Landmark Alimony Case: Gonsewski by Supreme Court of Tennessee
Alimony Tennessee law case summary following 25 years of marriage. Gonsewski is a landmark decision on Tennessee divorce and family law from the Supreme Court of Tennessee Court.
Johanna L. Gonsewski v Craig W. Gonsewski– Tennessee Alimony Law – 21 Year Marriage
The Supreme Court of Tennessee determined to review the divorce case of Johanna Gonsewski and Craig Gonsewski to determine if alimony in futuro should be provided to a spouse who has a college degree, stable work history, is in good health, and has a lack of a demonstrated need for the long-term alimony. In this case, the court divided the parties’ real and personal property and declined to award spousal support of any type to either party. The Court of Appeals affirmed the lower court’s decision about the division of property but reversed the trial court’s judgment regarding spousal support. In turn, it required the husband to pay $1,250 per month in alimony in futuro until death or remarriage.
The two were married in May of 1987 at the age of 21. Their marriage lasted 21 years. The wife graduated from Athens State College and was employed at Redstone Arsenal in Alabama at the time of the trial. The husband attended college and graduated the following year. The husband took a job as an accountant. Both parties worked throughout the marriage. The wife was employed by the State of Tennessee at the time of the trial and had been for 16 years in an IT position.
In 2008, the wife’s base salary was $72,000 with a bonus of $1,500. The husband’s gross income for the same year was $137,418 with a bonus of $33,115. He expected to earn $120,000 in 2009, without a sizable bonus.
The wife filed for divorce in September of 2007 citing inappropriate marital conduct. At the time of the divorce, both parties were 43 years old. Though the lower court did not provide the wife with spousal support, the appeals court found that alimony in futuro was necessary due to the harsh economic realities of divorce due to the disparity in the parties’ income.
The Supreme Court took to the case to determine if the appeals court erred. It noted the wife’s stable income and her share of the marital estate was significant enough to allow the wife to find another place to live. The appeals court noted that there was no need for economic rehabilitation as the wife did have a solid career, it was necessary to provide some support due to the disparity in income.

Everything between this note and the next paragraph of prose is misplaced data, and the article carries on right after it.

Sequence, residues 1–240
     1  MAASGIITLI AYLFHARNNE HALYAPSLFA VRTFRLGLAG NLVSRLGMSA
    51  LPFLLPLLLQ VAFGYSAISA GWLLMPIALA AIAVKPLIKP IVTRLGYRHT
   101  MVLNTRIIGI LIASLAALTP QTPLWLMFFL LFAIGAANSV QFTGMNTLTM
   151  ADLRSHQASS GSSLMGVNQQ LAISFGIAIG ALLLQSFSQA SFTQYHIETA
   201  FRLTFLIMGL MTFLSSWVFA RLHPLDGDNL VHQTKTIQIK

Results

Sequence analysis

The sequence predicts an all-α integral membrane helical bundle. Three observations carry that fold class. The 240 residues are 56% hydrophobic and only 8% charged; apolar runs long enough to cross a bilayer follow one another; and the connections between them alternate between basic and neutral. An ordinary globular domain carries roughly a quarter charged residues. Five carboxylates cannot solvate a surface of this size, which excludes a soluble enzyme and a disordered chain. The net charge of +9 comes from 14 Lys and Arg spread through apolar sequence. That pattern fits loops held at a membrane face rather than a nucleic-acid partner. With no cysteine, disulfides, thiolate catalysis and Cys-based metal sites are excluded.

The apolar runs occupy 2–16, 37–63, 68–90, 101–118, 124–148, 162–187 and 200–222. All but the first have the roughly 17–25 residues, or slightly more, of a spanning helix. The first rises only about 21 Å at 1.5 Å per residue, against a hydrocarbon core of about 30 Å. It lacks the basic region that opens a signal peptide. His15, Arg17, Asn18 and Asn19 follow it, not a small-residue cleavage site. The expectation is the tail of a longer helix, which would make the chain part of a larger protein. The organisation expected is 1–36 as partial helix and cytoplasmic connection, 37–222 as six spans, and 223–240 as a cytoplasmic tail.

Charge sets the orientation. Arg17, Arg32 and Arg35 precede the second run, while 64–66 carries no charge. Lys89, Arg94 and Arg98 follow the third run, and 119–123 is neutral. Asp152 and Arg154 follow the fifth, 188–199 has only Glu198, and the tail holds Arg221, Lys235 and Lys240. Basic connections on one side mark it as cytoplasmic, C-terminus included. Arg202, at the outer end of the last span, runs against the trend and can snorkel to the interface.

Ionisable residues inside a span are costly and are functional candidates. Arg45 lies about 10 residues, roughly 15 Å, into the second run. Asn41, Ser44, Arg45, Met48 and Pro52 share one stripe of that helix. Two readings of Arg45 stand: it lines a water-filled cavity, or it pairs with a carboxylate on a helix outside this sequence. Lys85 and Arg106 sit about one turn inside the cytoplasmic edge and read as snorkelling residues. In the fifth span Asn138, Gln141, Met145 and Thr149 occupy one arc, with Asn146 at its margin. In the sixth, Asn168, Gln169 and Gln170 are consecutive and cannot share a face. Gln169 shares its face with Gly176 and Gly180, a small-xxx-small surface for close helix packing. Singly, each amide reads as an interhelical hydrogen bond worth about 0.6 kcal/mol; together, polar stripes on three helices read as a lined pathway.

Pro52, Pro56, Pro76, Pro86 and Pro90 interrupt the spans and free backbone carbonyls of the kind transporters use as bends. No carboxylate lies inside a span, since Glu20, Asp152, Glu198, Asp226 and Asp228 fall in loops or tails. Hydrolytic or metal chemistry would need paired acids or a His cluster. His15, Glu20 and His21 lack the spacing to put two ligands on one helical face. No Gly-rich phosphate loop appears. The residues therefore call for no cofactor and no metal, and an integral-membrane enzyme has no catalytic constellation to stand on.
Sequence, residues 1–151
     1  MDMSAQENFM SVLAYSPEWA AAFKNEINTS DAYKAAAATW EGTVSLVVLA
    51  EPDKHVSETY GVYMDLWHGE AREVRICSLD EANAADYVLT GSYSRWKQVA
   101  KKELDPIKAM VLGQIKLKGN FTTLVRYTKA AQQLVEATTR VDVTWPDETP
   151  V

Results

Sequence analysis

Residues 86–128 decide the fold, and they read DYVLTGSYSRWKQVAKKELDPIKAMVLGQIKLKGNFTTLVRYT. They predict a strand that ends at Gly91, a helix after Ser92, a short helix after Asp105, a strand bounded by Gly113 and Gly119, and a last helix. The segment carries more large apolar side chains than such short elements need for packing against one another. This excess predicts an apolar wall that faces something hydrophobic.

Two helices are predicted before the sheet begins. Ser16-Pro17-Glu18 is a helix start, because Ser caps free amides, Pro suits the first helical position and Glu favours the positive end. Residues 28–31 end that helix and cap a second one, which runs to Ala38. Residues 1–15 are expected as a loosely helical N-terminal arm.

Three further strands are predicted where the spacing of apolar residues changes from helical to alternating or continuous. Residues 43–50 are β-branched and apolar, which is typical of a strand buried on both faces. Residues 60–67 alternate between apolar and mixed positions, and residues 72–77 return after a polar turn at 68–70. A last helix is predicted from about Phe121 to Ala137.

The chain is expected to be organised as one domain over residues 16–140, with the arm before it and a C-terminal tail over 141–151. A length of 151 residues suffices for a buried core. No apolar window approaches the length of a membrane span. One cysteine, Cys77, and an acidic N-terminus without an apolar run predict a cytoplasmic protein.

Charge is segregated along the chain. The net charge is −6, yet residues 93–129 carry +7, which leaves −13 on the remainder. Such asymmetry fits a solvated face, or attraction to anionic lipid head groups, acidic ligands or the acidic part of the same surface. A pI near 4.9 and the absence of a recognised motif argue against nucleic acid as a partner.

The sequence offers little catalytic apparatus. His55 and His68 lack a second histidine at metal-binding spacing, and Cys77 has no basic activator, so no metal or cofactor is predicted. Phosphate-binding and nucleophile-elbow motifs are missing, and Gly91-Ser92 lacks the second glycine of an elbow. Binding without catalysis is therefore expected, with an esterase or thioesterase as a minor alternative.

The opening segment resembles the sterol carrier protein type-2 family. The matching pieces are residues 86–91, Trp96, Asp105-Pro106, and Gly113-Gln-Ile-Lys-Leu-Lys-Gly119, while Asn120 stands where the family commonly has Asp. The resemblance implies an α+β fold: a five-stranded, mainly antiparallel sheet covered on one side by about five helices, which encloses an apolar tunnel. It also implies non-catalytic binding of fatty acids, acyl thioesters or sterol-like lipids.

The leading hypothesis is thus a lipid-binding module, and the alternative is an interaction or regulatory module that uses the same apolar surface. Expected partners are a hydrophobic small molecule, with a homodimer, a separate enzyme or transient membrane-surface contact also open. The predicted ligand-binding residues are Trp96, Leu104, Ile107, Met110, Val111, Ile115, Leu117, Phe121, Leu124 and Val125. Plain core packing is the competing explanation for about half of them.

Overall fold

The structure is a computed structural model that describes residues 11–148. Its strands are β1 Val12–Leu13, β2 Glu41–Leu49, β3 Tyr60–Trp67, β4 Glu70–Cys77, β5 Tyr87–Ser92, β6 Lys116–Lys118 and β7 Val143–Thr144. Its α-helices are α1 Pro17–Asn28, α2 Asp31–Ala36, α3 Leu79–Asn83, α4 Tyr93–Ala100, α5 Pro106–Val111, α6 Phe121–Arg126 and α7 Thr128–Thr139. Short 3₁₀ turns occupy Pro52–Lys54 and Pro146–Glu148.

The husband stated that the decision to provide alimony in futuro to the wife established a precedent where one spouse may be entitled to permanent support simply based on a difference in income regardless of other factors. The wife’s case rested specifically on the financial equities of the parties and notes that the husband had the ability to pay the awarded amount, and was at fault for the demise of the marriage.
The Supreme Court ruled that alimony in futuro should not have been awarded since it is intended to provide support on a long-term basis if the court finds that there is relative economic disadvantage and that rehabilitation is not feasible. It noted that the wife has stable earning capacity and the appeals court did not rule as to how she could better improve her earning capacity.
The Supreme Court also ruled that the appeals court did not find that the lower court had abused its discretion and thus, it reversed the decision of the appeals court. It affirmed the lower court’s ruling that no alimony in futuro would be necessary.
No. M2009-00894-SC-R11-CV, Supreme Court of Tennessee, September 16, 2011.
For more information, read Tennessee Alimony Law in Divorce | Answers to FAQs.
See original opinion for exact language. Legal citations omitted.
Memphis divorce lawyer, Miles Mason, Sr., JD, CPA practices family law exclusively and is founder of the Miles Mason Family Law Group, PLC, which handles Tennessee family law matters including divorce, child support, alimony, and alimony modification. The firm represents clients in Germantown, Collierville, and the surrounding west Tennessee area.